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Can Oranges go Bad

Oranges are a delicious, nutritious, and refreshing treat. They’re perfect to pack as a snack for school, work or on an outdoor adventure.

If you’re lucky enough to have your own orange tree, or if you’ve bought a large bag of oranges from the market, you may be wondering how long they’ll last. Can oranges go bad, and how should you store them?

Bunch of oranges

Can oranges go bad?

Like all fresh fruit, oranges can go bad. As soon as an orange is picked from the tree, it will last about three weeks at room temperature. Of course, oranges at the grocery store are most likely already a week old, and so their shelf life will be reduced to about a week or two on your counter.

Storing whole oranges in the refrigerator can extend their life to up to two months. Refrigerated oranges should be stored in the vegetable drawer to maximize their shelf life, and regulate moisture. Just be sure you remember they’re in there!

Once cut or peeled, oranges should be refrigerated and consumed within two days. Cut oranges at room temperature should be consumed within the day, though will remain fine for several hours if sealed and stored out of direct sunlight.

Oranges on a tree
Image used under Creative Commons from Francisco Antunes

Signs of Spoilage

When oranges are beginning to spoil, they will become soft at first, and then develop a white mold. The mold will quickly spread and turn green. Oranges should be discarded as soon as they start to become soft.

Discoloration is another sign that oranges are about to spoil. When checking for signs of spoilage, look for lighter or darker patches, and check for firmness.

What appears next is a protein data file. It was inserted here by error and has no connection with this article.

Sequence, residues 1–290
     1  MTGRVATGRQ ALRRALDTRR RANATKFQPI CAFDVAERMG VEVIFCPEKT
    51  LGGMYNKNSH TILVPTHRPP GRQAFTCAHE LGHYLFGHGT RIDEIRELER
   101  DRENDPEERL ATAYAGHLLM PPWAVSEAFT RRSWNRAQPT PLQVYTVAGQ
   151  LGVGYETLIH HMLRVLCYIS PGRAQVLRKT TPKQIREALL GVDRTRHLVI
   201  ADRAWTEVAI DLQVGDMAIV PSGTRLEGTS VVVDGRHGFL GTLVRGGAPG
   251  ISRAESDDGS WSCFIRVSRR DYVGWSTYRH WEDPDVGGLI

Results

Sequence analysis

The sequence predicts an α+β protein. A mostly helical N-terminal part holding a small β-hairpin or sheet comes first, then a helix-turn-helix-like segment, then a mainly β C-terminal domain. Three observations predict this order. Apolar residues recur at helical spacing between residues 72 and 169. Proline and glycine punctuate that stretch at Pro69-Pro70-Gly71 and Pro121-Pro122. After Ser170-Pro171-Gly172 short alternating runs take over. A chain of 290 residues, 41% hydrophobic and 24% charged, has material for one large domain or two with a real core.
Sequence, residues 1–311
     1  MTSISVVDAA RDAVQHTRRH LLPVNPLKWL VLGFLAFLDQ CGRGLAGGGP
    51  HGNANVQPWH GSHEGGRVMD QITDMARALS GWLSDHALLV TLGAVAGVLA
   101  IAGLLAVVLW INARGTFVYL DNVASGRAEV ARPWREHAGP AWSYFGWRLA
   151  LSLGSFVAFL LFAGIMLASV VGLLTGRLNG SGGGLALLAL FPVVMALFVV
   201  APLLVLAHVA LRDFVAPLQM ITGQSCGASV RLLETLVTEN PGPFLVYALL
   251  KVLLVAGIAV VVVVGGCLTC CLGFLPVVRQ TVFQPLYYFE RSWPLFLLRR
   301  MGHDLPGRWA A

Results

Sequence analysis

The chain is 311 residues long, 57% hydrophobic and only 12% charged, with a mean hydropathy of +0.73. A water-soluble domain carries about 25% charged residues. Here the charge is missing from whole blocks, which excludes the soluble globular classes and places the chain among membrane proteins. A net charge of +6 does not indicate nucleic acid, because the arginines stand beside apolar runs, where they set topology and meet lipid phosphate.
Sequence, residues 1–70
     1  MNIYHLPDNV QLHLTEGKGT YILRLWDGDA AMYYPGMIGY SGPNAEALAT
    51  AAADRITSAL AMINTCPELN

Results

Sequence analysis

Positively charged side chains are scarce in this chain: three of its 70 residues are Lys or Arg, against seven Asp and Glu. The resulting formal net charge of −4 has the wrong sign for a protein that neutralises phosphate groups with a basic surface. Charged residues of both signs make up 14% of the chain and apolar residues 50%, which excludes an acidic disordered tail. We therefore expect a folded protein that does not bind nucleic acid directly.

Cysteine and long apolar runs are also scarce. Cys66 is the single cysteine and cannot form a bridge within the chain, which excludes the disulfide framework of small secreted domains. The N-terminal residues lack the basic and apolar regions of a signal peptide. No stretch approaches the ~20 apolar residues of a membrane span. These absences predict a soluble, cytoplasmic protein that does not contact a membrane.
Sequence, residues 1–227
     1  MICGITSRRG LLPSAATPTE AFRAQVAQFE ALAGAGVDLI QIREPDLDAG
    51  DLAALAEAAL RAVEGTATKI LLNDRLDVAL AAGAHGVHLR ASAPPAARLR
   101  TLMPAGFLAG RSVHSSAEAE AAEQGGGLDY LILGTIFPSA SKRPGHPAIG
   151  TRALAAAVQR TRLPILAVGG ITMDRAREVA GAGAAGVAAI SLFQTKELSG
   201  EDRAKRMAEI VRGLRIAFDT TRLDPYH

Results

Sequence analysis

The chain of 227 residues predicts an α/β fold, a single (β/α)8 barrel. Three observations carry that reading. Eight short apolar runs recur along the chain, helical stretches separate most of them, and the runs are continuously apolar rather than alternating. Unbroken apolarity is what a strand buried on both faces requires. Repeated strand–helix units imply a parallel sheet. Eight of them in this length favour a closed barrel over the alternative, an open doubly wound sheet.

Smell is a good indicator of whether or not an orange has spoiled. Fresh oranges should have little to no scent at all, and any smell should be bright, and zesty. Any sour, rotten or fermented smells indicate spoilage, and the orange should not be consumed.

Oranges that have been stored in the refrigerator then to dry out over time. This will cause them to shrivel, and eventually become hard on the outside. While this does not necessarily indicate that the orange has become hazardous to consume, it certainly will not be palatable and should be discarded.

Oranges on a tree

Storing Oranges Long Term

Freezing whole oranges to extend their shelf life is not recommended, as their high water content will break apart the cell walls, and you will be left with a ball of mush.

Instead, oranges should be peeled and sectioned and their seeds removed before freezing. For best results, the oranges pieces can be covered in a sugar syrup, and then poured into an airtight container. Stored in this way, oranges can remain in the freezer for up to a year.

Another option for storing oranges long term, is canning. Because oranges are so acidic, they store quite well, and can be canned with a simple water bath.

Wash the oranges, and peel them, then separate the orange into sections. Remove any remaining pith and seeds from the sections, and pack them in sanitized jars, with an inch of space at the top. Cover the orange sections with either water, syrup, fruit juice or any liquid of choice, leaving a half inch of space. Seal the jars and follow canning procedures. Once the jars have cooled, canned oranges may be stored at room temperature for a year or more.